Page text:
I did make a couple of minor adaptations to the recipe with consideration to our arterial walls. (Whenever I watch Paula cook~ with her love of butter & mayo, I always wonder what kind of  cholesterol medication she must be on :-)

I substituted olive oil mayo and used 3/4 of a cup instead of a full cup. I also used 2% cheese, instead of full fat~ I don’t think we sacrificed any flavor. The fact that I didn’t use the South’s favorite Mayonnaise~ Duke’s, would probably make Paula faint :-)

 

 

 

Courtyard Gardens:

“The garden walls kept passersby from seeing into the gardens, but there are many who want to share the beauty of their handiwork with others. These people have installed wrought-iron gates or wooden doors with little windows that afford the curious a peek into the garden. Keep your eyes open on a slow stroll down any Savannah street and you will find many of these hidden treasures.”

 

Here are a few treasures we spied, thru garden gates into courtyards on our visit~  one of my favorite things to do. . . you never know what surprises you’ll find~

 

for Part II of Savannah Style, click here.

 

 

 

 

 

 

 

 

  8 comments for “Paula Deen’s Savannah Style, Part I

  1. Pingback: Your Garden
  2. July 2, 2010 at 8:47 pm

    first, let me say you can NEVER HAVE TO MANY PICS! i eat up every single one :-)

    we obviously have the same interests… DETAILS! i adore all your wrought iron pics, i too love architecture, i can wander any street camera in hand and be perfectly happy. the frying pan gate is fantastic!

    cracking up at paula’s meds…

    i am such a west coast gal i can’t even imagine cooking a pie with mayo… much less dukes! it looks tasty, i see i am missing out!

    love the garden gate shots…

    so glad there is more, will be my dessert, after dessert, dinnertime on the west coast now~

  3. July 3, 2010 at 7:02 am

    Mary, Mary, Mary!!!!! You have captured my ♥ with this one! Positively luscious photos!!!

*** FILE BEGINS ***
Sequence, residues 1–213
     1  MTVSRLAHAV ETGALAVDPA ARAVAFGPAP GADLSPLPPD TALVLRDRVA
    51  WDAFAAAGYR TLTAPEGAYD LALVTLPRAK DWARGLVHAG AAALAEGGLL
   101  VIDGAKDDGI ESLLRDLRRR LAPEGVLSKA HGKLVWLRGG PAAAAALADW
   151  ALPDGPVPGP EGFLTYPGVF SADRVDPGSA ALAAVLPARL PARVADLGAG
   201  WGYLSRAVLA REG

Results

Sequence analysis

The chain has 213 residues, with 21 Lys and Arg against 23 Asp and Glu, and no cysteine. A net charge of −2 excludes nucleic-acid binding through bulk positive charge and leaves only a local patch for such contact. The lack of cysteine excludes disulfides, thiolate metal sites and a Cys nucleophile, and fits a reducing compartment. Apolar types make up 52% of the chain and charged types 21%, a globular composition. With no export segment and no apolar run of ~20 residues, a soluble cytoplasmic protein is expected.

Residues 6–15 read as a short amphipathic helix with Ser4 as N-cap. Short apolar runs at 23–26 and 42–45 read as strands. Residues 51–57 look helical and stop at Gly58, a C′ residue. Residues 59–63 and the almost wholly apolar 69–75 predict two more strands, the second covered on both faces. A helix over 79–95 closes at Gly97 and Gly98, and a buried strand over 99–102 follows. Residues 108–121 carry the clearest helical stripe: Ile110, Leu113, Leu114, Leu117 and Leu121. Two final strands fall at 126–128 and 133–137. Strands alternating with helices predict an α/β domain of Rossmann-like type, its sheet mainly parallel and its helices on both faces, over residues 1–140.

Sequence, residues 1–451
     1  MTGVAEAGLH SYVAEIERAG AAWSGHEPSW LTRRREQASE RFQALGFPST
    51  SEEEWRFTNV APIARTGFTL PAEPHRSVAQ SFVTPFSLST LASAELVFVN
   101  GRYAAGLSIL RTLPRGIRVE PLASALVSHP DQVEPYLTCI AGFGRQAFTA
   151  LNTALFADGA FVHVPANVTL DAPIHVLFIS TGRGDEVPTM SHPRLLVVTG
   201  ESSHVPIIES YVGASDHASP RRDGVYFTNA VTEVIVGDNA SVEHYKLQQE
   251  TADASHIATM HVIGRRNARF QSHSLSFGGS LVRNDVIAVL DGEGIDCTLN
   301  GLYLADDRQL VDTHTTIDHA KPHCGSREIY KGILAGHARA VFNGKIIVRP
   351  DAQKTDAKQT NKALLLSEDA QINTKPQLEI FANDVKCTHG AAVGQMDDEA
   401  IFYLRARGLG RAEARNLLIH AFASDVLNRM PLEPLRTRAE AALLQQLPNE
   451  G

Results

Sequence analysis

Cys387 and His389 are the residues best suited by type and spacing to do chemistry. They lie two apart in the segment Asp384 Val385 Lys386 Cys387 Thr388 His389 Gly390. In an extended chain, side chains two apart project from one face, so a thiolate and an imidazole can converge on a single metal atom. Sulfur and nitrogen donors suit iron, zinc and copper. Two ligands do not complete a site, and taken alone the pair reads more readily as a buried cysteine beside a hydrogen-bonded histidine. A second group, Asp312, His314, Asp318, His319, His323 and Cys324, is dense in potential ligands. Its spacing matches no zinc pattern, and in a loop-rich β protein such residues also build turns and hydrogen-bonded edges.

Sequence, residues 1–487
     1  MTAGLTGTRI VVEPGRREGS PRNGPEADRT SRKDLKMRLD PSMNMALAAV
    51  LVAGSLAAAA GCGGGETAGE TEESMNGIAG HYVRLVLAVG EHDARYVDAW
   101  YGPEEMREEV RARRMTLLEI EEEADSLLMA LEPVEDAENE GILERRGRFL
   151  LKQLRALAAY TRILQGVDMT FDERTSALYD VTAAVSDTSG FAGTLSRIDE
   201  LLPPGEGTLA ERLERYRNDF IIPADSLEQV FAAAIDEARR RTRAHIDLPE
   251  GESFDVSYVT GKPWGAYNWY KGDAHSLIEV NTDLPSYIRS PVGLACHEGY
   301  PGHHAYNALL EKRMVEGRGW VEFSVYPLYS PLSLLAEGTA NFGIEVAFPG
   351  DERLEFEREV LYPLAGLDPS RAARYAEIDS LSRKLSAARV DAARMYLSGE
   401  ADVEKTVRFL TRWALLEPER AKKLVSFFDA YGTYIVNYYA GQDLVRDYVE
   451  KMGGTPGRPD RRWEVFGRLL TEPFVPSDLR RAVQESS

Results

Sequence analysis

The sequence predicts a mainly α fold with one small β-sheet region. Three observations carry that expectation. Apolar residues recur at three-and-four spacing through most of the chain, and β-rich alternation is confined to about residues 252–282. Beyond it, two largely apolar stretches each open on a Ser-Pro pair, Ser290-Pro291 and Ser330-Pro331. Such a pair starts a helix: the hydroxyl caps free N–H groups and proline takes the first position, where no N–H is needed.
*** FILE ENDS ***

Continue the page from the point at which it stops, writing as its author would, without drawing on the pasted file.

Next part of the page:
I adore Savannah & would love to have a winter home there. I can’t tolerate their heat & humidity in the summers. I have put this book on my “must have” list.

    Tell me, was the tomato pie as good as it looks???

    I, too, cringe at the way Paula cooks although she makes many of the things the same way my mother did & my parents lived to be 79 & 89.

  4. July 3, 2010 at 7:32 am

    My heart just skipped a beat reading your beautiful and memorable post! I go to Savannah every March for their Historic Home and Garden Tour! Being from the north, it is like finding the Mothership! Savannah is my very favorite city. If Savannah were a person, we would be twins!

    Your did Paula proud! Your wonderful review of her latest book ( I got one too this year at Lady and Son’s store) is done to perfection. You have truely brought the heart and soul of the book to us!

    And your recipes and photo’s are fabulous! I have not made the tomato pie, but I will now!

    Mary, I will feature your wonderful recipe and post in my weekly menu this week. Look for a link back to this post!
    Wonderful!!!!
    Happy 4th!
    Yvonne

  5. July 4, 2010 at 12:18 pm

    I so enjoyed this post! The details on the gates were amazing. I love the one with the frying pans! I may have to pick up this book. I love peeking into the gardens. I am definitely going to try that lemonade. It looks delicious.

  6. July 4, 2010 at 2:16 pm

    OK, now I’ve gone through the post from start to finish, both parts. Absolutely stunning! You can’t have too many photos for me, so keep them coming. Your shots of the gardens and the details of the iron work are my favorites. I’ll be in Savannah in the fall. Can’t wait to return to see some of the gardens for myself.
    Thanks for sharing ~ Sarah

  7. July 5, 2010 at 1:53 pm

    Stunning Wrought Iron work!

  8. July 10, 2010 at 7:17 pm

    I have a house on Skidaway Island near Savannah. It’s my favorite city in the South, of course! I love this book and I love your food vignettes-the cherry lemonade looks so refreshing and the tomato pie-delicious.Great post for Food for Thought!